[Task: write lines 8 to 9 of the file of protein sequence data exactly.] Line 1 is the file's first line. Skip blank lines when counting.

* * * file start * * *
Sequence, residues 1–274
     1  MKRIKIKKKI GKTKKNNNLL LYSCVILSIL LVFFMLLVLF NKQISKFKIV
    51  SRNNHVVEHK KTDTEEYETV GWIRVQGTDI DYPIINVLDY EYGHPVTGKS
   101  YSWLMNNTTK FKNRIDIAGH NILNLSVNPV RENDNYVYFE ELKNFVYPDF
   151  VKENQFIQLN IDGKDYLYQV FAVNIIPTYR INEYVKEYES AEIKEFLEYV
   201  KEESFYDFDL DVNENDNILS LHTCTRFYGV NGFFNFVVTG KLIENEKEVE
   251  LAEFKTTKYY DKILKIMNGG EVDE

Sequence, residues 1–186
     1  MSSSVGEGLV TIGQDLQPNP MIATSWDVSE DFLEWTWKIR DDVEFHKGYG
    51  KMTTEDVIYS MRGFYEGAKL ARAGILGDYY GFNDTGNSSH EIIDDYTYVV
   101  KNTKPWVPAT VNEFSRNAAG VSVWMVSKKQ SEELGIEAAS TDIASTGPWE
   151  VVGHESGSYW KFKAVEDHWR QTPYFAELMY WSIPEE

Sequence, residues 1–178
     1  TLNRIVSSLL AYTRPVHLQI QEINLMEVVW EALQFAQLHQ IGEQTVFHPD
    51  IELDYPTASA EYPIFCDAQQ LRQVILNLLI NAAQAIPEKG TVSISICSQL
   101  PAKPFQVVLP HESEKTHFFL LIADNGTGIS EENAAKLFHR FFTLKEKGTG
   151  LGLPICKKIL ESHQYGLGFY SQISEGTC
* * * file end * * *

Sequence, residues 1–186
     1  MSSSVGEGLV TIGQDLQPNP MIATSWDVSE DFLEWTWKIR DDVEFHKGYG